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Council Corner: A New Year’s resolution

I believe that the people are sovereign under our Constitution. At all levels of government, elected officials should intentionally find ways to confer power to the people. Power of the people comes in key roles, as in voters, taxpayers, commissioners, consumers and advocates. My resolution is to encourage citizen involvement and to find ways that they can demonstrate effectively their power in city government.

Let’s begin with some candor. With two, maybe three minutes to speak at a city meeting, citizens feel it is unrealistic to expect them to present their opinions on complex issues given the public time allotted them. Once they do speak, there is little evidence that their elected officials even hear them. There is no dialogue or discussion or debate in study sessions or council business meetings.

From their view, no wonder hundreds of citizens on different issues keep repeating the mantras — “the decision is made by the Council before citizens even speak” or “it’s already a done deal”.

The speaking restrictions are by design. They are embedded in the Ashland Municipal Code under “Council Rules” (2.04) that were written and adopted by the council. Citizens or councilors can always change these rules.

Despite the limitation of council rules, Ashland citizens are actually stepping up, thinking out of the box, and using their power to address issues that will be affecting them in the very near future. Kudos to the organizers, because on Jan. 27, from 6:30-8:30 p.m. in the Gresham Room of the Ashland Public Library, they will discuss the city's plan for the East Nevada Street bridge. Citizens, city staff and East Nevada neighbors will discuss the topic from several directions.

Personally and as a councilor, I applaud their efforts to get in front of the decision-making processes of the city and the council. Their efforts will be an important step toward sharing information on an issue by engaging in discussion and dialogue. I plan to be there to listen “actively” to citizen concerns, their questions and their ideas. Citizens are claiming and using their power.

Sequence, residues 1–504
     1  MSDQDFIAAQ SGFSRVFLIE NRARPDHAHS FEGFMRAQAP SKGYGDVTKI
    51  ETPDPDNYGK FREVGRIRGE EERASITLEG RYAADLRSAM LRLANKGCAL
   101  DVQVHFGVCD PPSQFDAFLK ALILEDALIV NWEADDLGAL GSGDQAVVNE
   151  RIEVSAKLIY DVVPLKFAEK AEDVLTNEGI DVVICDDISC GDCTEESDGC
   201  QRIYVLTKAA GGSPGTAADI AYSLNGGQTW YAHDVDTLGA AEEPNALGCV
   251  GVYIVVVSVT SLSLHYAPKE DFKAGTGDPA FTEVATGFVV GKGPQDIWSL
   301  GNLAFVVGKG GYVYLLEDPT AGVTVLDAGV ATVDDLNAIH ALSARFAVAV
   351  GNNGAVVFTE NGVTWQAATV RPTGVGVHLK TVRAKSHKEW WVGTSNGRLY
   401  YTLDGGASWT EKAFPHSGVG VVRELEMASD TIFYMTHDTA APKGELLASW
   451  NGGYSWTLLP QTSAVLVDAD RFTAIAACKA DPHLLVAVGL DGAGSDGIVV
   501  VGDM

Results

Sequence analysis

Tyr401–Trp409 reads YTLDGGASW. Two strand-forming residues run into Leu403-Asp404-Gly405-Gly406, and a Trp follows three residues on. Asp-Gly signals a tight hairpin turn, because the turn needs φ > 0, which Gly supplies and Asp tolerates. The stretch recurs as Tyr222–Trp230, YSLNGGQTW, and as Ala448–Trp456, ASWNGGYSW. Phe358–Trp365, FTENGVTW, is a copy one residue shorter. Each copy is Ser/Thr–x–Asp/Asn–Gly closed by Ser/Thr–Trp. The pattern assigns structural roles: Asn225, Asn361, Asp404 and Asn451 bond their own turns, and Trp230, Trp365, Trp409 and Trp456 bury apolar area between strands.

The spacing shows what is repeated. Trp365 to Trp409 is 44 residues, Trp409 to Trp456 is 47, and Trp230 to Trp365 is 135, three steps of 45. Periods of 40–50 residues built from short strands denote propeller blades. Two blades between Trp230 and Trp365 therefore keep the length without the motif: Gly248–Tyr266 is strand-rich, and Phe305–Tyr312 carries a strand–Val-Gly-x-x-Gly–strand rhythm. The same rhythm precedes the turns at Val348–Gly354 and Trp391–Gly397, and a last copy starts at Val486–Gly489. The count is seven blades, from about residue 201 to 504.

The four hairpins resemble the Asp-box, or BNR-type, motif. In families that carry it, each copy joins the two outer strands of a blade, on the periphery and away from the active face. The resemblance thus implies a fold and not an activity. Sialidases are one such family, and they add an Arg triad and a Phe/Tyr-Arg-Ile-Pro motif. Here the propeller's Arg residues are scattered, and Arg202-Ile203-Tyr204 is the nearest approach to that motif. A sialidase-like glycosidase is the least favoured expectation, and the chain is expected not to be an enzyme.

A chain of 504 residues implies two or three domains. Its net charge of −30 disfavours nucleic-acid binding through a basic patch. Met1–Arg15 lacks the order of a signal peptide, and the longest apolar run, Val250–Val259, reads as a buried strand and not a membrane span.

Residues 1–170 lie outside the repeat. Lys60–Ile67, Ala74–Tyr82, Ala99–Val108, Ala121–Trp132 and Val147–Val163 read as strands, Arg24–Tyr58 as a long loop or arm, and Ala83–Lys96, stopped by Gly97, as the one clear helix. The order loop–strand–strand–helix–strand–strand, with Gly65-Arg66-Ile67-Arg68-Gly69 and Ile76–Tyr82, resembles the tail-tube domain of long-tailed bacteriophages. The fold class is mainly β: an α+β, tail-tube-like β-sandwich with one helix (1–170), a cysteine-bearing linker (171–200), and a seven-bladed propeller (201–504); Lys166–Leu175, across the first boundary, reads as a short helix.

Besides supporting citizens with their public forums, I want the council to consider two committees that are in the Ashland Municipal Code. These committees are defined and described in 2.27 of the code. Neither committee has been implemented. It sort of looks as though the council doesn’t have to follow its own rules.

Nancy Parker, an Ashland citizen, brought this ordinance to the council’s attention. The council needs to look at a Committee for Citizen Involvement that monitors and evaluates city progress in the area of citizen involvement. Then there is the Citizen’s Planning Advisory Committee, which reviews pertinent planning-related issues and makes recommendations to the Planning Commission and City Council. Let’s think about replacing the function of ad hoc committees with a CPAC.

The Citizen’s Planning Advisory Committee is different from other committees. It has two representatives from eight neighborhood areas in the city. Every area of the city has two representatives on a committee that makes recommendations to the council on planning and other issues. These two committees confer power to the people.

Finally, we need a citizen’s debate on an issue created by the council and city administration. At the Jan. 19 council meeting at 7 p.m., the council will decide whether to change the city recorder’s status from being elected to being appointed by the city administrator. The change requires a vote of the citizens. This debate is not about Barbara Christensen, who has served us so well for over two decades. It is about citizens having an independent city recorder/treasurer who is accountable to citizens and not to a bureaucracy. Learn what the pros and cons are. Join the debate before it goes to a vote.

The people are sovereign under our Constitution. My resolution is to see that the citizens of Ashland find better ways to be involved so they make a difference. I can’t do it alone. Join me in supporting the citizen forum on the bridge, the forming of two citizen committees and the debate around our city recorder/treasurer.

Carol Voisin is a member of the Ashland City Council.